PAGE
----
Hashtags of the 20th Century

hashtags-comicI hate hashtags.  I’m pretty sure that they are little, digital pieces of lunacy that the devil sprinkled into the Ethernet when no one was looking.  Originally used to tag messages and pictures to make them easy to find when searching for a specific topic, they quickly evolved into a way to express humor, disapproval, or sarcasm without actually articulating one’s thoughts.  Then they became socio-political statements.  They have become used and abused to such an absurd extent, that they have become functionally useless to thinking people, although they remain the weapon of choice for generating outrage by SJWs.  I didn’t think anyone actually searched for anything anymore using hashtags, but my wife informed me that I was incorrect.

What was designed to be a user-friendly data identification device has evolved into a mental crutch that is used as an unbeatable argument ender.  No rationale required.  No dialogue desired.  No haters tolerated.  Many folks in our society find it perfectly acceptable to make statements that have no justification yet are calculated to prevent objections from being raised by making objectors seem so obviously awful.

An unfortunate religious parallel is when Christians use bible verses like SJWs use hashtags.  This practice is quite possibly the proximate cause of Christian disunity.

A few months ago, I came across this video over at Cerulean Sanctum.  In the video, Glenn Paauw discusses the detrimental effects that verse segmentation has had on our reading and understanding of the bible.  He lays out the case quite clearly, and I recommend watching the video.  I’d like to elaborate on a facet of the problem that I see over and over.  Christians generally agree that verses need to be understood in their proper context and that proof-texting (using a verse or two or three in isolation) to justify a particular belief or practice is not an honest way to utilize scripture.  Nevertheless, I continually run into or read Christians that espouse these principles and then slap down a bible verse as an incontrovertible argument ender.  “See here, in Paul’s letter to whomever, God says XYZ.  Boom.”  #TheBibleSays, #ItSaysInGodsHolyWord, #ButWhatAboutTheVerseThatSays, #GodSaidItIBelieveItThatSettlesIt, #YouLose, #GetYourHeartRight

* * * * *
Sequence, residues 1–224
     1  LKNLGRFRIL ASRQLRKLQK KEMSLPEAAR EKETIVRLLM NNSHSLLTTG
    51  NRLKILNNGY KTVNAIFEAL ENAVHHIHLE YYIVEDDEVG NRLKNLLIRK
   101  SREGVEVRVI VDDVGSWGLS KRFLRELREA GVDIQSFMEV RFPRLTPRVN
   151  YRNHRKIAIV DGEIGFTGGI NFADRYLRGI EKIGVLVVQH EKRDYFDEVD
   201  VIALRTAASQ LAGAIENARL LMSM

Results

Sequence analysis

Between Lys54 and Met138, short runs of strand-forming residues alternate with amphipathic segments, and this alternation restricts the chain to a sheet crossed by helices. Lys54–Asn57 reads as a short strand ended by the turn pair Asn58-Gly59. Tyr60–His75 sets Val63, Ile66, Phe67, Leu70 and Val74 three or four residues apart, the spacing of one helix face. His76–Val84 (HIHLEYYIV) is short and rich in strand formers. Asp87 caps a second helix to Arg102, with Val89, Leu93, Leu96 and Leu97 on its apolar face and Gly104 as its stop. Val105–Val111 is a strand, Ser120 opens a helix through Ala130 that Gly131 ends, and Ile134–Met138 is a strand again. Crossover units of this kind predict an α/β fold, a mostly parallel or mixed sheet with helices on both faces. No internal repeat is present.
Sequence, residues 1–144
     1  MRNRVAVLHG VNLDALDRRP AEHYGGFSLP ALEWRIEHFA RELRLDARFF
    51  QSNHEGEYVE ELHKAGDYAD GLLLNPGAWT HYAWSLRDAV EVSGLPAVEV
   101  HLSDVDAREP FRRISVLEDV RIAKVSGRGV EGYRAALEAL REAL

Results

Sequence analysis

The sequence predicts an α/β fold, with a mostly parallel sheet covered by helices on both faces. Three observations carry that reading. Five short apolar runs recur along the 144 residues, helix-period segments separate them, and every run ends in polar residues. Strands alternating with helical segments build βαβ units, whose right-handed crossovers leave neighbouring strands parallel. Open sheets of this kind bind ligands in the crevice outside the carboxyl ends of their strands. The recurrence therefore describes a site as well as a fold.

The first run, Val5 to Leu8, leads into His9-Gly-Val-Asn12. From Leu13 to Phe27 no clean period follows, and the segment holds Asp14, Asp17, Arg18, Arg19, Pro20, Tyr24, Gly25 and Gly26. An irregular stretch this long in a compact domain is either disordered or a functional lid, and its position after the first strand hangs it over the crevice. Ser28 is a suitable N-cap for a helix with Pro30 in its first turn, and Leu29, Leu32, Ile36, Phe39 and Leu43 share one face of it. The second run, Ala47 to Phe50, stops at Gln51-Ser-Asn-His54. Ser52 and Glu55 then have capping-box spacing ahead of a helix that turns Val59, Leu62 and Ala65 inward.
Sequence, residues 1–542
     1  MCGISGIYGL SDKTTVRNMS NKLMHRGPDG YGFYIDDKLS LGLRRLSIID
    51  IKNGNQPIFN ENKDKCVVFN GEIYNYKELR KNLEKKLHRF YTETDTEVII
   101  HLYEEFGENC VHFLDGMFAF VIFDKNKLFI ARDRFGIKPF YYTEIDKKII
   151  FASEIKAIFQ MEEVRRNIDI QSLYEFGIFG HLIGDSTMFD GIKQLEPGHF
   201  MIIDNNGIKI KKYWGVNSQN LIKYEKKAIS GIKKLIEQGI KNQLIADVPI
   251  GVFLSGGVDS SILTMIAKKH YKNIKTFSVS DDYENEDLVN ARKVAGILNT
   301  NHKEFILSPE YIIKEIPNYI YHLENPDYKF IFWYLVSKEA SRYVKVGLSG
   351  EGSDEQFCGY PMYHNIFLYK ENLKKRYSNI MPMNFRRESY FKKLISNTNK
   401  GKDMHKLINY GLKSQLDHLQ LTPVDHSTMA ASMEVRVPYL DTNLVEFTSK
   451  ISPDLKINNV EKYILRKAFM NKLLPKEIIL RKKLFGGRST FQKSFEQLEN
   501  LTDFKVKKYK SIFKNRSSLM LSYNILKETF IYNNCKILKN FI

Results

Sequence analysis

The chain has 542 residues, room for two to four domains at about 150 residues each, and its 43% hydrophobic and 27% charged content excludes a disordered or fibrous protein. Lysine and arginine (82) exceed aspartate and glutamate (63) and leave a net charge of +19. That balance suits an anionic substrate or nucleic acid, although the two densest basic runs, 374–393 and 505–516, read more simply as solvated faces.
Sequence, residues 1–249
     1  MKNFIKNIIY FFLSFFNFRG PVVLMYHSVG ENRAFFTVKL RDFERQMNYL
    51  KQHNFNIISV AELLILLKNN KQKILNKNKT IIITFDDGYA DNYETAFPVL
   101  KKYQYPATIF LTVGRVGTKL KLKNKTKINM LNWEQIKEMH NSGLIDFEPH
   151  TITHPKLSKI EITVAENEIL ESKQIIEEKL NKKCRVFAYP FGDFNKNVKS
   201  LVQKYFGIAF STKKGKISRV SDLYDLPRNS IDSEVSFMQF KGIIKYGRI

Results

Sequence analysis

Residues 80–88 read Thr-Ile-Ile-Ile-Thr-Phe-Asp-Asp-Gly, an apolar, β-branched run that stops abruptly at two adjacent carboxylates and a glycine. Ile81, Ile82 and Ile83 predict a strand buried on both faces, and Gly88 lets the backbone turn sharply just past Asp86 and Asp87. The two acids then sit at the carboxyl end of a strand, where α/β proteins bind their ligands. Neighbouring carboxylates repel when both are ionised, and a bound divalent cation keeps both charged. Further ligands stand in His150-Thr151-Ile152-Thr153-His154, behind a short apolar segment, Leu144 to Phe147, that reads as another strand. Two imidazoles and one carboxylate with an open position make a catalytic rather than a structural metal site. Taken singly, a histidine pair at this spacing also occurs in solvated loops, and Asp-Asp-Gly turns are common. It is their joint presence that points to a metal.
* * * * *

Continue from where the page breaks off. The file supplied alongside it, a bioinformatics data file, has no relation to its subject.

Thus endeth the discussion, and heaven forbid you should disagree lest thou be found to fight against God.

Now in the interest of full disclosure, I will sometimes quote snippets of bible passages.  I try to keep from distorting the meaning, and I endeavor to use them as illustrations where the quoted segment typifies the belief or teaching of the author (or quoted individual) and where the context is generally known or is being discussed.  I try not to use snippets of bible passages as foundations for doctrine, belief, or practice.  To do so would be disingenuous; and if you catch me doing so, please advise me, and I’ll reevaluate my position.

My understanding is that verses (and maybe chapters) were added to the bible for the convenience of printers when printing methods were invented.  They were not found in the original manuscripts but were added in printed editions in order to facilitate archaic printing processes.  These artificial divisions were retained after modern printing presses were built because people had gotten used to seeing them.  Verses were used as memory aids and as addresses for finding particular passages.  I agree with Paauw that retaining the verse structure is incredibly detrimental to our reading and understanding of the bible.  Verse divisions allow context to be easily (sometimes inadvertently) stripped away from any given passage.  Many who believe in inerrancy/divine verbal inspiration of the bible frequently (but selectively) treat disparate verses as if they had equal weight—being written by God and all.  This is how divisive doctrines are formed.

Bible verses are last century’s version of religious Twitter:  theology exposited in one hundred forty-two characters or less.  It makes for great quotations, but it’s a really poor foundation for theological understanding.  Let’s make a concerted effort to look past artificial, textual divisions when reading the bible.  The religious hashtags are killing our ability to reason and understand.  You need to be quiet and listen to what I’m saying.  God commands it in Job 33:33.

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